Technology

Data regulator will not make example of small businesses over GDPR

The Federation of Small Businesses said many firms are unprepared for the introduction of new EU regulations.

The information watchdog has said it is not looking to make an example of small businesses which fall foul of the EU’s new data protection law.

On the day the General Data Protection Regulation (GDPR) comes into force – giving regulators new powers to fine firms which misuse data – the Federation of Small Businesses (FSB) warned that many of its members are still not properly compliant.

However, Information Commissioner Elizabeth Dunham, who is responsible for enforcing the new regulations, said they would not be expecting “perfection” from small firms from day one.

She said many smaller concerns would not be affected by the introduction of the GDPR.

“What we are looking for is a commitment to move forward with their new obligations. We are not looking for perfection,” she told BBC Radio 4’s Today programme.

“It is nonsense to think that the ICO (Information Commissioner’s Office) is going to be making early examples of small businesses by levying large fines.

“The focus of our enforcement is not going to be on the high street butcher or the gardening business. We are going to be focused on businesses that deliberately, persistently or negligently misuse data.”

Her comments came after the national chairman of the FSB, Mike Cherry, urged the ICO to show understanding in its handling of small firms.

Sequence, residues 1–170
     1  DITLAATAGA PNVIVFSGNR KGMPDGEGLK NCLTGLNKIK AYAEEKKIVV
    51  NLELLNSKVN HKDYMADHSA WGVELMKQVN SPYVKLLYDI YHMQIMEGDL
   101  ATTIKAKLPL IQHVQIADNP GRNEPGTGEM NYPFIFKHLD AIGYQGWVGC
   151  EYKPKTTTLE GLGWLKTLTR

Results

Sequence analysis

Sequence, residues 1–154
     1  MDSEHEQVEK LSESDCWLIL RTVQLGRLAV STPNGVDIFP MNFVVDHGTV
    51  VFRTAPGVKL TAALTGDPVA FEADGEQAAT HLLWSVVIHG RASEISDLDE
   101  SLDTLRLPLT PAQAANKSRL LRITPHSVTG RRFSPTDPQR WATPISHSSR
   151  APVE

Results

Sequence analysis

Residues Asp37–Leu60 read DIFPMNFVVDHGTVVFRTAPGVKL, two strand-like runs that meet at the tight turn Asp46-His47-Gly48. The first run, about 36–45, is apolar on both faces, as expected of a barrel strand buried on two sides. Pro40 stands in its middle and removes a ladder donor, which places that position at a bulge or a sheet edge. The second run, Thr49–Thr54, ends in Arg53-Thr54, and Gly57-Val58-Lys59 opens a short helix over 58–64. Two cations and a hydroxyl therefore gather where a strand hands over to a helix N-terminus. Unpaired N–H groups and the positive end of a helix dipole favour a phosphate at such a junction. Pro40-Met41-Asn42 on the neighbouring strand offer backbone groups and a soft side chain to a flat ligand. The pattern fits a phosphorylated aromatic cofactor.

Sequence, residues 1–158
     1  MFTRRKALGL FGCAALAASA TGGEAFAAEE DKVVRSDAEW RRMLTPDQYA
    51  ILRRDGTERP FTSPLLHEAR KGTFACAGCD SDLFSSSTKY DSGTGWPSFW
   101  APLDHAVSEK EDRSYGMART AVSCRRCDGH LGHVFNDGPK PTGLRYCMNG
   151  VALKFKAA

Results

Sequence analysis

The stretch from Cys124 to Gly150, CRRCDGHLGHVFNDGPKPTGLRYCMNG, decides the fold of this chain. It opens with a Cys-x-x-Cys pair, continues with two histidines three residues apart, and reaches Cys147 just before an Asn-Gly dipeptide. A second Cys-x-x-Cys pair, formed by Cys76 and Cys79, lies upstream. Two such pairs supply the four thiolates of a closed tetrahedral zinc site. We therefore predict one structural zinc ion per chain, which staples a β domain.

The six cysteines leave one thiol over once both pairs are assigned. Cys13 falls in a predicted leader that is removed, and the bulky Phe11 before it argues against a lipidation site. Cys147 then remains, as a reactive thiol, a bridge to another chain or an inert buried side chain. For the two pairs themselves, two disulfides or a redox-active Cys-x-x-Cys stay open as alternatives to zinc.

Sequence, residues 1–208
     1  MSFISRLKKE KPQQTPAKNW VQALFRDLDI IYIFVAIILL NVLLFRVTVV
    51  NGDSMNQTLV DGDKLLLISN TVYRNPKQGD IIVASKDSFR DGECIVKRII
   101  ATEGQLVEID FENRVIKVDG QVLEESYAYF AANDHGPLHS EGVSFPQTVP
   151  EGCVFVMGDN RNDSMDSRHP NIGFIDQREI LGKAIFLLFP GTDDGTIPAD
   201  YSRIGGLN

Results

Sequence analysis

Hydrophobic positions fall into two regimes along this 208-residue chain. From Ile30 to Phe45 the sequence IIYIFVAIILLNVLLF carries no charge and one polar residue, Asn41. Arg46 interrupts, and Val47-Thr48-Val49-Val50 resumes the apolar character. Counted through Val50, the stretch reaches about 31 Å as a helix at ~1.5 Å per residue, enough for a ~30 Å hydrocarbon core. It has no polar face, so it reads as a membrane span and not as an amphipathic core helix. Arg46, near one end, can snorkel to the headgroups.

“GDPR is here and the likelihood is that many of the UK’s 5.7 million smaller businesses will not be compliant,” he said.

“It is concerning that the burden and scale of the reforms have proven too much to handle for some of these businesses and there is now a real need for support among the small business community.

“It is imperative that the ICO initially deals with non-compliance in a light-touch manner as opposed to slapping small firms with fines.

“Small businesses must see the ICO as a safe space where they can go for advice and help in making the changes necessary to be compliant.”

Mr Cherry said he welcomed the ICO’s approach but warned: “The acid test will be whether good intentions are translated into actual practice on the ground.

“Fines and sanctions will only deter businesses, while education and support will ensure compliance across the sector.”

As the new regulation came into force, the ICO reported on Thursday that sections of its website were struggling with demand from users visiting with GDPR-related queries.

“We are experiencing unprecedented demand for our payment services as we approach the introduction of the GDPR, which is causing our online service to run more slowly than usual,” the regulator said in a tweet.

“You may contact us at a later date if you experience any delays using our online payment services.”

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